"Ex-basketball player Harry 'Rabbit' Angstrom has acquired heart trouble, a Florida condo and a second grandchild. His son, Nelson, is behaving erratically and his wife, Janice, decides in mid-life to become a working girl. As, through the winter, spring and summer of 1989, Reagan's debt-ridden, AIDS-plagued America yields to that of George Bush, Rabbit explores the bleak terrain of late middle age, looking for reasons to live."
That said, it was still excellent. I haven't been huge into series in the past, but this was definitely a series that I am sad to see end. Rabbit was a rich character and it was really interesting to follow his life for 40 years, in 10 year increments.
Janice started to redeem herself in my mind in this book, but kind of threw it all away in the latter part of the book. I didn't like her in Redux because she put herself before the welfare of her son, and she was just really, really dumb in Rich. She was still far too indulgent of Nelson and his immaturity, but she actually stood up to him, which he needed.
As always, Updike was one of the masters of prose writing. Some of these passages are amazingly brilliant and detailed. Here's an example:
Up, up; the air thins, the barometer registers, the timer begins to tick as the plane snugly bores through the darkness and the pilot chats on the radio while the cockpit lights burn and wink around him and the passengers nod over their drinks in their slots of pastel plastic. This image, like a seed at last breaking its shell in moist soil, awakens in Harry the realization that even now as he lies here in this antiseptic white fog tangled in tubes and ties of blood and marriage he is just like the people he felt so sorry for, falling from the burst-open airplane: he too is falling, helplessly falling, toward death. The fate awaiting him behind this veil of medical attention is as absolute as that which greeted those bodies fallen smack upon the boggy Scottish earth like garbage bags full of water.
I'm still failing to see where this quartet is a "valentine to (Updike's) country" as Joyce Carol Oates said, but I think this is a book, if only for the prose alone, belongs in the American canon of great books.
My rating: 8/10
While this is all very wrong and unpleasant, there is a kind of internal unity and artistic integrity to it, and in places he seems almost as sincere as he did back at the beginning of the series in Rabbit, Run. Unfortunately, as the series progresses, it becomes increasingly about Rabbit's son Nelson, who is an even less sympathetic character and not nearly as interesting. I spent most of this book just waiting for Rabbit to die. But, if you've made it this far, all the way through Rabbit Redux and Rabbit is Rich, you may as well read this and finish the series off, as this is better than those were (but still not as good as the first).
Rabbit, Run and Rabbit at Rest are the strongest and most compelling in the series -- too bad they bookend the lesser-quality Rabbit Redux and Rabbit is Rich books.
I am still convinced that John Updike is one of the best out there.
Updike achives the perfect combination between poetic,delicate symbols and authentic realism writing, a talent that grew bigger with experience and time.
Rabbit tries to deal with the big questions of life and death in his uninitiated ways ,now (age 55) more profoundly and impressive than ever.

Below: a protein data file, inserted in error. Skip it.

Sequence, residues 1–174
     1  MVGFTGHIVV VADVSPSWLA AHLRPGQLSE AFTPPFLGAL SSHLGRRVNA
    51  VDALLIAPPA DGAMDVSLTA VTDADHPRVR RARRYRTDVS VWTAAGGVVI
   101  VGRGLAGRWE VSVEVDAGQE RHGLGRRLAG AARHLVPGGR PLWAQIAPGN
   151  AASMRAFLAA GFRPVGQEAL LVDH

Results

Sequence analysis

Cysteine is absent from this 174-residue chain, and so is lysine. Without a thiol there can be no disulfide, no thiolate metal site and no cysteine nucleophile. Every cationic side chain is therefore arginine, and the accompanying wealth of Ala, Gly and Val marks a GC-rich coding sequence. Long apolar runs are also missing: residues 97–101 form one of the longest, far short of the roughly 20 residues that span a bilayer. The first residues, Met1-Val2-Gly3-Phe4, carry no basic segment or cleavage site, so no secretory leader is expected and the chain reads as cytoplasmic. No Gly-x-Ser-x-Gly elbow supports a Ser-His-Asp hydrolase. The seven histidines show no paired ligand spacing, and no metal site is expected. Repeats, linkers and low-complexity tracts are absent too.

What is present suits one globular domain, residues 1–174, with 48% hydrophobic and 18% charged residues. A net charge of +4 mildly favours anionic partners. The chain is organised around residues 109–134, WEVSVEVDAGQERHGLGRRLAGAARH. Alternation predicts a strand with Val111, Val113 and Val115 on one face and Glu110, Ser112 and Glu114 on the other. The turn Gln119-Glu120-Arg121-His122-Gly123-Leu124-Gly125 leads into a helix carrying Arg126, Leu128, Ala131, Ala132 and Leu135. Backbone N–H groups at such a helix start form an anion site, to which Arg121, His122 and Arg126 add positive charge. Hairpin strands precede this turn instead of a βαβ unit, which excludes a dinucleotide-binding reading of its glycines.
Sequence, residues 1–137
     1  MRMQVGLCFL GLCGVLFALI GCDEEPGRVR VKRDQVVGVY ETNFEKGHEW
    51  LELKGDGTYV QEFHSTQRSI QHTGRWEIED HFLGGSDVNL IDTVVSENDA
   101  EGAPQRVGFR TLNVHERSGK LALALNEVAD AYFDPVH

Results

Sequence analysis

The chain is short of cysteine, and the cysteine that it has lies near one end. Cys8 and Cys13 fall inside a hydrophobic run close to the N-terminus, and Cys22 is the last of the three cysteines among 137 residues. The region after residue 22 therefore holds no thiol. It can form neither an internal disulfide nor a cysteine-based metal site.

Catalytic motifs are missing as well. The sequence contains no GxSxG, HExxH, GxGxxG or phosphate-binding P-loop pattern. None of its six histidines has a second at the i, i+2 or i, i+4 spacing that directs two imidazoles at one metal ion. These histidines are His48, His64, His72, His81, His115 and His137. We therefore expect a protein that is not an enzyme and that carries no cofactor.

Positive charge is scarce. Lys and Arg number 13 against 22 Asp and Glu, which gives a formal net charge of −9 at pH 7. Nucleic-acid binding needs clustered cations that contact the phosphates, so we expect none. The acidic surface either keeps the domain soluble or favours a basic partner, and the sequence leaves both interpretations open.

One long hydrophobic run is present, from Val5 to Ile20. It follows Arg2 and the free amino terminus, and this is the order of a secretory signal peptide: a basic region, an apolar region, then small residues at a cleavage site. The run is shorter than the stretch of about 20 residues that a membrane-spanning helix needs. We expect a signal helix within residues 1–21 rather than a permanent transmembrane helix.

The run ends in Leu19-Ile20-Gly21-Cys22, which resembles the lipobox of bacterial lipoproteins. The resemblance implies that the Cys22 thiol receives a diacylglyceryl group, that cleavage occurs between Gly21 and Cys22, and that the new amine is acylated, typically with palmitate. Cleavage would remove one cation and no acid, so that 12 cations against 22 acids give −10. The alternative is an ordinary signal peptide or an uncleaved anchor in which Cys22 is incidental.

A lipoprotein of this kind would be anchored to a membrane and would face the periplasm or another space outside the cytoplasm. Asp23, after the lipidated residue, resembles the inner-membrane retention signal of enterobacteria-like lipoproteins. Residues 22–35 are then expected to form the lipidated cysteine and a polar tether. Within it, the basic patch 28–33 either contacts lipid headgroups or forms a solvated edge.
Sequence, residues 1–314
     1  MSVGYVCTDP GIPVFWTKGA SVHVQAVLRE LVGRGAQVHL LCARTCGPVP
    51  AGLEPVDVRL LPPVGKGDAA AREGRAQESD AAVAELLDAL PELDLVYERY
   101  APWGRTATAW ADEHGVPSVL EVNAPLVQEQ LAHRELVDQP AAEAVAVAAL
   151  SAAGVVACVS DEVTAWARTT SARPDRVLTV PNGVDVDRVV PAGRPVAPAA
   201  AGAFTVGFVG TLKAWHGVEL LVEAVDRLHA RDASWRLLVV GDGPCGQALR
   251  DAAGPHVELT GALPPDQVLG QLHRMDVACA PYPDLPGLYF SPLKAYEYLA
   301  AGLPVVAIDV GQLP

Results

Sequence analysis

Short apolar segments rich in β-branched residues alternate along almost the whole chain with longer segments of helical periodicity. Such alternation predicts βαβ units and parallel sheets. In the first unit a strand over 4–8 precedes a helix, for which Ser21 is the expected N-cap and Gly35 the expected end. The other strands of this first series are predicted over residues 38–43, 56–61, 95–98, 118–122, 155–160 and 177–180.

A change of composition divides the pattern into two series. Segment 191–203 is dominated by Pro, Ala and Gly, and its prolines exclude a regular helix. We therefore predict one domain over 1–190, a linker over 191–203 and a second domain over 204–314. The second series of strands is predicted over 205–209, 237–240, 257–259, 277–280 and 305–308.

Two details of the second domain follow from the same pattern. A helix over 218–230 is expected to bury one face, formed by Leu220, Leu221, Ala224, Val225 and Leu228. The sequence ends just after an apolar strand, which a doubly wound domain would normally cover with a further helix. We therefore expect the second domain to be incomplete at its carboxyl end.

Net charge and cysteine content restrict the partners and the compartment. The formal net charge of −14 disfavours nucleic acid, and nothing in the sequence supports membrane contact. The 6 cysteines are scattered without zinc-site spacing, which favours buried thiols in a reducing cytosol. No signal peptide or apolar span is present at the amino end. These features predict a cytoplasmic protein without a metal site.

Flaubert would have been proud of this book.
a pure masterpiece of style,depths and enjoyment,that shows more truth about the rural,middle-class America than most other American fiction,and with much better quality.
Rabbit at Rest finds Angstrom roughly ten years later, semi-retired and spending winters in Florida with his wife Janice while Nelson runs the family dealership.
The time frame is the late 80s, George Bush, the elder, is President, and cocaine is the drug of choice. Most of the action centers upon Rabbit’s dysfunctional relationship with his son and the resulting conflict which necessarily develops between he, his wife and daughter-in-law as the prodigal son systematically destroys the family legacy. Rabbit’s declining health and his relationship with his grandchildren are also story lines.
While much of the writing is entertaining and very well done, it must be noted that at times, Updike seems to fly off on wild screeds of florid, almost unintelligible prose that leave the reader simply rolling his eyes. In fact, I found this annoying trait to be far more common in this installment than in the previous three. I lost count of the number of ways Updike describes the smells and tastes of female body parts in various states of arousal.
Nevertheless, the characters contained in the story are well presented and fleshed out beautifully, even some of the more peripheral players. All in all, this is a fascinating look at life during the late 80s, from the perspective of a middle class, Pennsylvania family, though Rabbit and his circumstances can hardly be viewed as representative. In fact, each of the four installments acts as an in-depth look at American society, and taken as whole give an accurate depiction of American life and societal mores from the late 50s through 1990. As such, the series is quite instructive, immensely entertaining and for someone of my generation, quite reflective.
At any rate, recently I've been reading authors whom I've had these nebulous, prejudicial attitudes about--often contemporary or almost contemporary writers, like Philip Roth and Saul Bellow (I discovered I don't care for Bellow, whom I find turgid, and can only take a few of Roth's books, because of his sexual o0bsessions). And then I came to this one Rabbit at Rest, which I thought superlative.